Stop press in Jordan

By Khaled Diab

Jordanian journalists believe they do not enjoy enough freedom – a malaise shared with the rest of the . But why?

12 May 2010

Nidal Mansour
Nidal Mansour at his office in Amman.

A new survey on press freedom conducted by the Amman-based Centre for Defending the Freedom of Journalists (CDFJ) makes for sober reading. Despite 's stated commitment to , only a minuscule minority (2%) of the 500 or so journalists surveyed said that they were entirely satisfied with the state of in the kingdom.

“Over and over again, speeches on freedom have not been coupled with practical procedures in spite of all the clear royal messages addressing this issue,” said Nidal Mansour, who heads the CDFJ.

A fifth of those surveyed said they had been exposed to attempts to “contain” them, while 57% said they knew of colleagues who had been the victims of such containment. Co-option is also a common practice and one that can be far more effective than intimidation. The vast majority of journalists believed that journalistic favours in return for gifts and bribes were common.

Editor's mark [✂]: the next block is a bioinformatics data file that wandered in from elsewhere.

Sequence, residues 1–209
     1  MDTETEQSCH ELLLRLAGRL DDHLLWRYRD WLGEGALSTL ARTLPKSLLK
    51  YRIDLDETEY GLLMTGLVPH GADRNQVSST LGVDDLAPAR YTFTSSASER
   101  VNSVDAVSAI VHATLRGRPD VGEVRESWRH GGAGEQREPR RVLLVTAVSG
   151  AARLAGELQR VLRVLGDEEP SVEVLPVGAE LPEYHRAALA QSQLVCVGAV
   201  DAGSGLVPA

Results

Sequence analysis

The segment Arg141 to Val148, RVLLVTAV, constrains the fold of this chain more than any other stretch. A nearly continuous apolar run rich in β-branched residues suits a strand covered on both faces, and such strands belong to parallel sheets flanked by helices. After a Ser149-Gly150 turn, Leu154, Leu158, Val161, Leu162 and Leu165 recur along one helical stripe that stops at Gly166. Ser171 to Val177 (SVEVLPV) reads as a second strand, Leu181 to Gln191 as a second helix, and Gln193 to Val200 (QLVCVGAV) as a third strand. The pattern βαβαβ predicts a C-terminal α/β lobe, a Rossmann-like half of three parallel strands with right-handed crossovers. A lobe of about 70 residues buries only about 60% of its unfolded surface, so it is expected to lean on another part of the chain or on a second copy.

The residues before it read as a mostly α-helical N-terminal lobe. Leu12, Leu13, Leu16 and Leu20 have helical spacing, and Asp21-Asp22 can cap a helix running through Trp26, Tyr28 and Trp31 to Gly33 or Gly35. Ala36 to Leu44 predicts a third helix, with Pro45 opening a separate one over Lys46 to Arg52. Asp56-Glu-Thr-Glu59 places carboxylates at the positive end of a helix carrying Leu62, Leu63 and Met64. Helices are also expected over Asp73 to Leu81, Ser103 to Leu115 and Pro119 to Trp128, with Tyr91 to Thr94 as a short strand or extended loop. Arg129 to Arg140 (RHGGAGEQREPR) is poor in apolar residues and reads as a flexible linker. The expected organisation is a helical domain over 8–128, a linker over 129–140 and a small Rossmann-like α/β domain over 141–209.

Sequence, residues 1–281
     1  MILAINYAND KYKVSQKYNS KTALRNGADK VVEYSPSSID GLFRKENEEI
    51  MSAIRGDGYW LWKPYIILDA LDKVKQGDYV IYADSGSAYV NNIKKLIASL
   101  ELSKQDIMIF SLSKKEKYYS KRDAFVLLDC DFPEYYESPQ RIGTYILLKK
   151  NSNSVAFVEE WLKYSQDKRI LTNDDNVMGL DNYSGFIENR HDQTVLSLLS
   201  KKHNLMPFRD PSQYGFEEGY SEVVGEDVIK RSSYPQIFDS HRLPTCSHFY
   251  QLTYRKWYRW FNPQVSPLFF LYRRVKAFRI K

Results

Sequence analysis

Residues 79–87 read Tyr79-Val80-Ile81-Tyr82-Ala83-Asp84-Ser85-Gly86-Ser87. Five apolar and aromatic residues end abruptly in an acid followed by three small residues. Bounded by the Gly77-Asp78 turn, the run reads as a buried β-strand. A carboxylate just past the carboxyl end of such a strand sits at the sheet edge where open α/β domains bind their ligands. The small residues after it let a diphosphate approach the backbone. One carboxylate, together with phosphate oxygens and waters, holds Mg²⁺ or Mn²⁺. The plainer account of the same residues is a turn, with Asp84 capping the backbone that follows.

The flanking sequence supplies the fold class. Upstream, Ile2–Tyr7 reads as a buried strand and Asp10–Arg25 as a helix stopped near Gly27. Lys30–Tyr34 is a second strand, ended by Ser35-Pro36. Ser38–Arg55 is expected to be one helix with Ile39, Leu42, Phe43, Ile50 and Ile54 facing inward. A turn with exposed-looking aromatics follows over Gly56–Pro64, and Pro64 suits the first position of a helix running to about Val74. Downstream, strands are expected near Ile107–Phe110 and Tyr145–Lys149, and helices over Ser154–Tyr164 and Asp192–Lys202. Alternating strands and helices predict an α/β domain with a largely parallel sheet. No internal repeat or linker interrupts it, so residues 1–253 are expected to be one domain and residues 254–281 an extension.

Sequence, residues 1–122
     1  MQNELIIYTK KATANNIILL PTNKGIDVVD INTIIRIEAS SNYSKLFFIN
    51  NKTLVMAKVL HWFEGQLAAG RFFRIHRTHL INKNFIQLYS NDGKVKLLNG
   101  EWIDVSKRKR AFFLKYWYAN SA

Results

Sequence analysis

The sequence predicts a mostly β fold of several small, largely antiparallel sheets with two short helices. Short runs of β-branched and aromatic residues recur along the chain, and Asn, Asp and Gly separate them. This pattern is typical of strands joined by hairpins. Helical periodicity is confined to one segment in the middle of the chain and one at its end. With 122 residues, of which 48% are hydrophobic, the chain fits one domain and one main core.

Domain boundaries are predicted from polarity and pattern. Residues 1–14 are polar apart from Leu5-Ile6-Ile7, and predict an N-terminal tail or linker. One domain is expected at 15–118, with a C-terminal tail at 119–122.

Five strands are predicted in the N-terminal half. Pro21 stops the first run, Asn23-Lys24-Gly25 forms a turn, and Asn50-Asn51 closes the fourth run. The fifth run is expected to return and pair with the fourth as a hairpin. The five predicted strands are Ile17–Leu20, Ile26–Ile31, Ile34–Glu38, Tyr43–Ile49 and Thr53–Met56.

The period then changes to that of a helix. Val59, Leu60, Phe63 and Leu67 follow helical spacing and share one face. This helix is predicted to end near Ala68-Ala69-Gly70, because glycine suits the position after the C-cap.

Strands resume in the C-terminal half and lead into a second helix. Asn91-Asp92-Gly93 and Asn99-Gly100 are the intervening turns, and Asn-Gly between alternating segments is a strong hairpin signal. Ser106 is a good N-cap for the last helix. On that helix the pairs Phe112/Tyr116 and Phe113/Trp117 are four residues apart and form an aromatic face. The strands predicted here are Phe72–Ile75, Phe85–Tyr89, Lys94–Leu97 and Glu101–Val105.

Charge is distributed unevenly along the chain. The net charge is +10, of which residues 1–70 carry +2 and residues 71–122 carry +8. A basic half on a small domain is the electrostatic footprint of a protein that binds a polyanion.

In addition, some 95% of media professionals said that they practised self-censorship. While such crimes of omission are common even in the west, especially in places like the United States, the magnitude of the problem and the number of taboo subjects appear to be far greater in Jordan. Topics that are generally off-limits centre on a kind of “holy trinity”: the king and the royal household, religion, and state institutions, including corruption in high places.

A couple of years ago, I had the pleasure of meeting Mansour in Amman where he told me about the CDFJ's Media Legal Aid Unit (Melad) which seeks to empower journalists and facilitate press freedom by providing media professionals with training on their rights and legal support.